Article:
TLR3 agonists. TLR3 agonists include isolated, naturally-occurring TLR3 agonists; and synthetic TLR3 agonists. TLR3 agonists isolated from a naturally-occurring source of TLR3 agonist are generally purified, e.g., the purified TLR3 agonist is at least about 80% pure, at least about 90% pure, at least about 95% pure, at least about 98% pure, at least about 99% pure, or more than 99% pure. Synthetic TLR3 agonists are prepared by standard methods, and are generally at least about 80% pure, at least about 90% pure, at least about 95% pure, at least about 98% pure, at least about 99% pure, or more than 99% pure.

TLR3 agonists include TLR3 agonists that are not attached to any other compound. TLR3 agonists include TLR3 agonists that are attached, covalently or non-covalently, to a second compound. In some embodiments, a TLR3 agonist is attached to another compound directly. In other embodiments, a TLR3 agonist is attached to another compound through a linker.

TLR3 agonists include naturally-occurring double-stranded RNA (dsRNA); synthetic ds RNA; and synthetic dsRNA analogs; and the like (Alexopoulou et al., 2001). An exemplary, non-limiting example of a synthetic ds RNA analog is poly(I:C).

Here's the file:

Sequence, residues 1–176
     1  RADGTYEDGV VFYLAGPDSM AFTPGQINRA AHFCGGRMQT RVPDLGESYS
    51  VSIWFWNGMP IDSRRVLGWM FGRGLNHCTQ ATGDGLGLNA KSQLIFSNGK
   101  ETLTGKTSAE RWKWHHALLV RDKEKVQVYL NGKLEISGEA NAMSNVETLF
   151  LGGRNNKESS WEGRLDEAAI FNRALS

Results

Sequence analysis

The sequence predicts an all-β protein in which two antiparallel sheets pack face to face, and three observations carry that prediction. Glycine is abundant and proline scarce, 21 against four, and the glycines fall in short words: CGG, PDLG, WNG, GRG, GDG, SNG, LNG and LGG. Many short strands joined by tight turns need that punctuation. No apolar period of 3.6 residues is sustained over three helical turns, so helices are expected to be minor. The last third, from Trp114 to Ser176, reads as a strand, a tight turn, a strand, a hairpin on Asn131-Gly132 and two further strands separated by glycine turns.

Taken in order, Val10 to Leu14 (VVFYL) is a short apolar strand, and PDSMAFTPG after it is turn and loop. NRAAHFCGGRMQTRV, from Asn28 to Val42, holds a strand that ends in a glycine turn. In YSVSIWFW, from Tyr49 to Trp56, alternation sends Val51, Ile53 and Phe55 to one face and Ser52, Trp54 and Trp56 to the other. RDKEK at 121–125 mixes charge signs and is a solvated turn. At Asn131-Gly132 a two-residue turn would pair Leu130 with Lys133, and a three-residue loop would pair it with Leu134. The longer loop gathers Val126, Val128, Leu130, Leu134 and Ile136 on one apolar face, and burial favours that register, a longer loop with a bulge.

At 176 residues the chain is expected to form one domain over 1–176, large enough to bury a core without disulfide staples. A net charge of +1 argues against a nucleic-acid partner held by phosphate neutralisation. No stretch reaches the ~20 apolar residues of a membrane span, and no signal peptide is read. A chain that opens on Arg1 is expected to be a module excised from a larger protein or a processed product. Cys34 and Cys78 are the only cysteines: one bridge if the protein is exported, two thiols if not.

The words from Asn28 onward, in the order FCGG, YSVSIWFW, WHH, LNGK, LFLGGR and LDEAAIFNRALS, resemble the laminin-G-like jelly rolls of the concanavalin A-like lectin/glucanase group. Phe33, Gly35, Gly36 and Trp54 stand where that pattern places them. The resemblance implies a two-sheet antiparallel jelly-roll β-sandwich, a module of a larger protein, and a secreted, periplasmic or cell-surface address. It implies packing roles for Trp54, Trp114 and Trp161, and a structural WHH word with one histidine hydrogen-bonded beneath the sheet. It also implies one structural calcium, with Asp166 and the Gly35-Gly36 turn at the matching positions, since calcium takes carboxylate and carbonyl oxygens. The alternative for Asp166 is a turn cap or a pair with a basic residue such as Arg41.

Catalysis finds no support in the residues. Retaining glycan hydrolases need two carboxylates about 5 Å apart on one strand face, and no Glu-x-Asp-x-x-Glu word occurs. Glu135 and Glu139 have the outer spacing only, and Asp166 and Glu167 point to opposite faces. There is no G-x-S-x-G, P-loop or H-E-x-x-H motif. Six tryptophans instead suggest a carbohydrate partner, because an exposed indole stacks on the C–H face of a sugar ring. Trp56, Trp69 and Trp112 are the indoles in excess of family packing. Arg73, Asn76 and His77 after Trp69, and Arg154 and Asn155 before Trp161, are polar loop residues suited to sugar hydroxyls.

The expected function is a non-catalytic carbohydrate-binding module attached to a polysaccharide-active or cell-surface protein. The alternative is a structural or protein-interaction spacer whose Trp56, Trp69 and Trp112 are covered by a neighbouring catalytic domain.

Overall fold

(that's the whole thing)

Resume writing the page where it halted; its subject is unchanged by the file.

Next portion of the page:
TLR4 agonists. Suitable TLR4 agonists include isolated, naturally-occurring TLR4 agonists; and synthetic TLR4 agonists. TLR4 agonists isolated from a naturally-occurring source of TLR4 agonist are generally purified, e.g., the purified TLR4 agonist is at least about 80% pure, at least about 90% pure, at least about 95% pure, at least about 98% pure, at least about 99% pure, or more than 99% pure. Synthetic TLR4 agonists are prepared by standard methods, and are generally at least about 80% pure, at least about 90% pure, at least about 95% pure, at least about 98% pure, at least about 99% pure, or more than 99% pure.

TLR4 agonists include TLR4 agonists that are not attached to any other compound. Suitable TLR4 agonists include TLR4 agonists that are attached, covalently or non-covalently, to a second compound. In some embodiments, a TLR4 agonist is attached to another compound directly. In other embodiments, a TLR4 agonist is attached to another compound through a linker. Suitable compounds to which a TLR4 agonist is attached include a carrier, a scaffold, and the like.

TLR4 agonists include naturally-occurring lipopolysaccharides (LPS), e.g., LPS from a wide variety of Gram negative bacteria; derivatives of naturally-occurring LPS; synthetic LPS; bacteria heat shock protein-60 (Hsp60); mannuronic acid polymers; flavolipins; teichuronic acids; S. pneumoniae pneumolysin; bacterial fimbriae, respiratory syncytial virus coat protein; and the like. TLR4 agonist also include monophosphoryl lipid A-synthetic (MPLAs, Invivogen) and Phosphorylated HexaAcyl Disaccharide (PHAD, Avanti Polar Lipids), as well as other synthetic TLR4 agonists.